Kansas fans should be familiar with Cedar Hill, a program that provided the Jayhawks with All-Big 12'ers Marcus Herford and Dezmon Briscoe, along with current cornerback Greg Brown. And the Jayhawks are evaluating another Cedar Hill target in Travis Wilson, a college wide receiver prospect who plays a combination of roles for the Longhorns.
Wilson is a unique prospect in that because of Cedar Hill's depth at wide receiver (the Longhorns have at least four FBS wideout products), and his skill set as a blocker, he plays more of a tight end/H-back role on most downs. At 6-1 195, he has good size for a wide receiver, with a thick build and pop to his blocks that most wideouts don't have.
First, as a tight end/H-back, Wilson shows the blocking ability of a much larger player. With his quickness, he does a nice job getting underneath the pads of the player in front of him, and he continues his leg drive and moves people off the ball. Where he's special — and it bodes well for his future at the next level — is blocking in space. He's outstanding at breaking down and getting a solid block on somebody at the second and third levels, usually latching on and moving them out of the way. Since blocking is one of the traits that can often force a player off the field early, it stands to reason that Wilson, in the right fit, could see the field early.
And while Wilson's work as a wide receiver is somewhat secondary at this point — though he does line up both in the slot and all the way out as a flanker or split end at times — he shows potential there too. From what I saw, he showed some potential as a route-runner, separating from defenders with burst and change of direction. He also displayed nice feel on a short catch when, as he wasn't open, he drifted to an opening to help his scrambling quarterback out and make a play. He uses his frame well and has surprising speed. Cedar Hill coach Joey McGuire said that Wilson is a 4.5-second guy in the 40-yard dash, and after watching him run, I'd say that's probably a pretty fair assessment. He can really go as a straight-line guy, and, while he's not overly elusive, he has a decent amount of get-up-and-go, and he's physical enough to lower his pads on somebody. As a pass-catcher, he plucks the ball away from his body with his hands.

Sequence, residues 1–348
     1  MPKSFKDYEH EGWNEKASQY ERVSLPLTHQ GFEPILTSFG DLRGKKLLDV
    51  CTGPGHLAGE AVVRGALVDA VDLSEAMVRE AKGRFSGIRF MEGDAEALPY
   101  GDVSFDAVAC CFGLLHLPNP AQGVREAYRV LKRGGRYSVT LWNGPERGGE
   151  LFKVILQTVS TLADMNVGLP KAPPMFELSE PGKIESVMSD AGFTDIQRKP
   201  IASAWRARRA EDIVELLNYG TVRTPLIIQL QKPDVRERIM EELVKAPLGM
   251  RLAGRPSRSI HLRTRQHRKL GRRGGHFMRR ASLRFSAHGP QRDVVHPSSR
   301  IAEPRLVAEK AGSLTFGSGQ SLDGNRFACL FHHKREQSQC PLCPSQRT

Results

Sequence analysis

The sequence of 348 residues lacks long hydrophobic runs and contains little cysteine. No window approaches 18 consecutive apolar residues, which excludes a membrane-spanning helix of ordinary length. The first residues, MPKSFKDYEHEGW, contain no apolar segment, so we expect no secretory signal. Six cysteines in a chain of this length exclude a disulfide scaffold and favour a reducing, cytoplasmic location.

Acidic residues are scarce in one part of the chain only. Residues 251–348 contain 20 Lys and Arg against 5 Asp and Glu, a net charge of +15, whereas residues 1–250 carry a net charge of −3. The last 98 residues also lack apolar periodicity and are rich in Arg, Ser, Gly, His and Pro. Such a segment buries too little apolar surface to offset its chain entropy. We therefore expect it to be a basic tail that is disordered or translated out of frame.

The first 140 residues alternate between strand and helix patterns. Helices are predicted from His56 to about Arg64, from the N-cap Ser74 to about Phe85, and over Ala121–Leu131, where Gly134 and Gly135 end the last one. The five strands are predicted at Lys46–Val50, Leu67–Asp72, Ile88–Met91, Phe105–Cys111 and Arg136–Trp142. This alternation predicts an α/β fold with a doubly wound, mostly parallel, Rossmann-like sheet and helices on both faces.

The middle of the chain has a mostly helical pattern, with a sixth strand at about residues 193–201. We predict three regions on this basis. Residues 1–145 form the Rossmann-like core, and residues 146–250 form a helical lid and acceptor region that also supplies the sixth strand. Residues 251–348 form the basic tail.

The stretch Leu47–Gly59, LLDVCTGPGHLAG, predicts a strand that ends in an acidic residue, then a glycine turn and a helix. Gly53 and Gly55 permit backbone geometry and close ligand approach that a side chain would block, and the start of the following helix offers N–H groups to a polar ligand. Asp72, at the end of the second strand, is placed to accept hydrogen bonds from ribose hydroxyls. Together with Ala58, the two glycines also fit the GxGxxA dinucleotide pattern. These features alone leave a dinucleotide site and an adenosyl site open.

Wilson is an interesting prospect if only because college football is so speed intensive that we're always projecting wide receivers to tight end, and not vice versa. But it's safe to say that, on another team with fewer wide receiver options (or even if Wilson wasn't so tantalizing as a blocker), he wouldn't just be a wide receiver, but one that received a high number of targets.